After an hour, toss the shrimp in paprika then add it to the gumbo and let it cook about 5 minutes until done. Stir in the lump crab and bring it up to temp, about 2 minutes. Add Tabasco to taste and season with salt and pepper.

Serve gumbo over steamed white rice and garnish with parsley. Note that if you're making gumbo in advance of eating it, wait to add the seafood until when you reheat it so that it doesn't get tough. You'll thank me later!

Wednesday, November 30, 2011

Shepherdess Pie

After reading more magazine articles than I care to admit about utilizing Thanksgiving leftovers, I thought I'd break out of the sandwich mold and get a little creative. Don't get me wrong, I had a delicious sandwich yesterday too, but I wanted to branch out with the sides. Cue the truffled mashed potatoes! I used these beauties to glam up a comfort food favorite - Shepherd's Pie. I had some extra veggies sitting around leftover from making a stock, so all I had to grab really was so ground meat.

If you don't have truffle oil to add to your potatoes, you could try a teaspoon of truffle salt as well.

Truffled mashed potatoes

2 pounds russet potatoes
3 tablespoons butter
~ 1/2 cup milk
1 teaspoon truffle oil
Salt and pepper to taste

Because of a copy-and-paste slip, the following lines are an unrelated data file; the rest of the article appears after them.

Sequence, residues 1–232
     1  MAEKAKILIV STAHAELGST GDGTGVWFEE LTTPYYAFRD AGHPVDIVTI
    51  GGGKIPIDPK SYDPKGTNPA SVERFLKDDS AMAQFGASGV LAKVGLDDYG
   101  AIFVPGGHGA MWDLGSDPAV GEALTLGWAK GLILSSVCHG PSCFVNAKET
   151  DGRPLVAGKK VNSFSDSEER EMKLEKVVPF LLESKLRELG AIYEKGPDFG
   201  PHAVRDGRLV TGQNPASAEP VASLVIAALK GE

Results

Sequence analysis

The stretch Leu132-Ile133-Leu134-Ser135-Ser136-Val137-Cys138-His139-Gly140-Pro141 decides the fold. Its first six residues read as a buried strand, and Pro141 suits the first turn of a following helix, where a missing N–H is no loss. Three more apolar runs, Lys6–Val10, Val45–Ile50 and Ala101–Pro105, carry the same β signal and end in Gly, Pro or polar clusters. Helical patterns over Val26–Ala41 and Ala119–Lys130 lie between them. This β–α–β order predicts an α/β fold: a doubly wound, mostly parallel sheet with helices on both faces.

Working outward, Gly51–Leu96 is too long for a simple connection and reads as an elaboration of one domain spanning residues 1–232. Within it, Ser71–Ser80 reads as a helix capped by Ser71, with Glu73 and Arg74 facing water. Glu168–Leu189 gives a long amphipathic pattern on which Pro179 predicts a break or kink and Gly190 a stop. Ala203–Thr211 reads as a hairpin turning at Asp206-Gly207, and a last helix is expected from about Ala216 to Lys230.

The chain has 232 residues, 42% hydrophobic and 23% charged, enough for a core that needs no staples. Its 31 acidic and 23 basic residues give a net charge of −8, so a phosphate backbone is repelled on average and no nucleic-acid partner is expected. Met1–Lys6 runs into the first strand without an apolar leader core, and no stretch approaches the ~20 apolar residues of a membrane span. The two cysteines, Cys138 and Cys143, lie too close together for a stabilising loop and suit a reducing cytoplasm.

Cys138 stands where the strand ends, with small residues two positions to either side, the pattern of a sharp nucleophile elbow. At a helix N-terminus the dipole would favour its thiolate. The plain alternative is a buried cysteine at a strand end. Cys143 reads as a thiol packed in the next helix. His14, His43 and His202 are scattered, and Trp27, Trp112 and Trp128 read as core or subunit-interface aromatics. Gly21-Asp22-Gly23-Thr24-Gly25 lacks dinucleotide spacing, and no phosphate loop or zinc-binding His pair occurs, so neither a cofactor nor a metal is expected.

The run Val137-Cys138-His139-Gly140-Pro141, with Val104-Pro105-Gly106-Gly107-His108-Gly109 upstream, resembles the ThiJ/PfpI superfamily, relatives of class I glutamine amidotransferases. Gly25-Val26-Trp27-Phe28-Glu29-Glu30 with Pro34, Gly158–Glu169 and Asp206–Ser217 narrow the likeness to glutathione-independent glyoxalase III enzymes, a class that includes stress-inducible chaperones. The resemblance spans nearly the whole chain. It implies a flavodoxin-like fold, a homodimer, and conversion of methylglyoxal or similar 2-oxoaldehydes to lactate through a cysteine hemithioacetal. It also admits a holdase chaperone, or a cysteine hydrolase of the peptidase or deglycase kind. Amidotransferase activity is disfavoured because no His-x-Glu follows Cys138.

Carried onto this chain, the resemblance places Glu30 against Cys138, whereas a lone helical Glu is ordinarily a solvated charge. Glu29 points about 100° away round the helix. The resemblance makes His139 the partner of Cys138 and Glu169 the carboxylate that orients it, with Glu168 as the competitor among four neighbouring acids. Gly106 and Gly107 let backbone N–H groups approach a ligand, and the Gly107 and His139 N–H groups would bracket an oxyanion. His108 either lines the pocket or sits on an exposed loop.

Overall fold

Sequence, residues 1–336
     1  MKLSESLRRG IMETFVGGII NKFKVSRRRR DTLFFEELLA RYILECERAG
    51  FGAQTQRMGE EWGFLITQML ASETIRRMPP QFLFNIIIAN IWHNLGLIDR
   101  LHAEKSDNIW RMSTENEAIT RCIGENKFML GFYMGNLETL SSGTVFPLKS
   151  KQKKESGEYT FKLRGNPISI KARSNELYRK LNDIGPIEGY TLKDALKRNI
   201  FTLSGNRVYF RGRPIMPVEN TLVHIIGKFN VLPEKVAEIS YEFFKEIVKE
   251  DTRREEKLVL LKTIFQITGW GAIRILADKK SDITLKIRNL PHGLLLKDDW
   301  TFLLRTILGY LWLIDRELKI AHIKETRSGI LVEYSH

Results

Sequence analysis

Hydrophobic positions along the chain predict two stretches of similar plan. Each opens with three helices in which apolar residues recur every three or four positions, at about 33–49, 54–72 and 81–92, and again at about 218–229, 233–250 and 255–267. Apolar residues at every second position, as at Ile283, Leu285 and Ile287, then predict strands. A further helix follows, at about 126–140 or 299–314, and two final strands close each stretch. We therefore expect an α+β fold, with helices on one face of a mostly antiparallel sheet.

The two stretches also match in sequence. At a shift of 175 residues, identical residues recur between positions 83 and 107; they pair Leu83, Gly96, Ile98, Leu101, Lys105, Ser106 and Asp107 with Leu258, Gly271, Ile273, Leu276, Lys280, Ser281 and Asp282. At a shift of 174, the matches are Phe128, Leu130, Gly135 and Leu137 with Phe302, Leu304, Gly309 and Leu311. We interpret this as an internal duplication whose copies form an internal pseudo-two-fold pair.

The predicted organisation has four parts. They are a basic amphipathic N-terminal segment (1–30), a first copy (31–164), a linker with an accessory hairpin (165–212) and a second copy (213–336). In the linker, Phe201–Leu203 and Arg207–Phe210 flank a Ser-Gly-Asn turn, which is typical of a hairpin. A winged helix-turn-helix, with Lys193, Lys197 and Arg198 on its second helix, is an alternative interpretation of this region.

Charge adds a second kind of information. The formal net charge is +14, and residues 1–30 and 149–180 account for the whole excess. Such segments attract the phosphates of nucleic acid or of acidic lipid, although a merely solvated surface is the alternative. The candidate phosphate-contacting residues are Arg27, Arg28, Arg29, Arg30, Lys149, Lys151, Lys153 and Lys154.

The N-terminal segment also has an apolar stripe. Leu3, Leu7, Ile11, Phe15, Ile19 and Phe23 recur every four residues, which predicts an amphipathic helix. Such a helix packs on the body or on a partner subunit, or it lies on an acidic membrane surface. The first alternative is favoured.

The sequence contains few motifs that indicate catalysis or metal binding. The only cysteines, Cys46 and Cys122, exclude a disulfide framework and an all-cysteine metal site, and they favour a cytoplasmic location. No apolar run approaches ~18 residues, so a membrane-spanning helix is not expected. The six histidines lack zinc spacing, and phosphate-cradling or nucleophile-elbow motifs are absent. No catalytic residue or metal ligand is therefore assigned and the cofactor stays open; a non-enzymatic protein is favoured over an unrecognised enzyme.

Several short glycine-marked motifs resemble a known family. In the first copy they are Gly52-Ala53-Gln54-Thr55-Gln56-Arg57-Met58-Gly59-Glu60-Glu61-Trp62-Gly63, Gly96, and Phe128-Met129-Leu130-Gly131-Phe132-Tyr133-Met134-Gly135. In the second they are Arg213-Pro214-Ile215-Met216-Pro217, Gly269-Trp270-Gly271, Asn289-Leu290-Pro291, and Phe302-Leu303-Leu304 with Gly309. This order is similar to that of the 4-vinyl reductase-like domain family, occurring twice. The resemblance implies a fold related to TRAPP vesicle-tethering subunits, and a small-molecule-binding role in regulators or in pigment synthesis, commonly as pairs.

2 teaspoons fresh thyme, chopped (optional)

Peel potatoes and cut into 2 inch pieces. Place in a large pot of cold, salted water (that covers the potatoes) and bring to a boil. Cook until potatoes are soft, about 20 minutes. Drain and replace in warm pot. Add butter and milk and blend until smooth, adding more milk or butter to taste. Stir in truffle oil, salt and pepper and thyme if using.

Shepherdess Pie

1 pound ground lean lamb
1 tablespoon olive oil
1 yellow onion, chopped
3-4 carrots, chopped
2 cloves garlic, minced
Salt and pepper to taste
1 tablespoon fresh rosemary, chopped
4 ounces fresh spinach
Truffled mashed potatoes
1 cup white cheddar (such as Seaside), grated

Preheat oven to 375 degrees. In a large skillet, cook the lamb until browned over medium heat, about 7 to 8 minutes. Drain the fat and set aside in a bowl. Add the oil to the skillet then throw in the onion, carrots and galic and saute about 5 minutes on medium, until soft. Season with salt and pepper to taste and stir in rosemary. Add spinach and stir until just beginning to wilt, about 1 minute.

Add lamb mixture to a 2 quart baking dish and top with an even layer of mashed potatoes. Sprinkle with cheese and bake, uncovered, for 30 minutes. Snuggle up and enjoy!

Tuesday, November 22, 2011

Noble Pig Charcuterie

I don't think I've ever been to a charcuterie before. I certainly didn't know what exactly it meant until I looked it up on Wikipedia. Basically a charcuterie is a specialty shop that sells preserved meats, especially pork based ones.

I had also never been to Noble Pig, although it's been on our list of places to visit for a while. When Noble Pig invited us to come sample some of the new items they will be serving from their about-to-open charcuterie, we found it hard to refuse.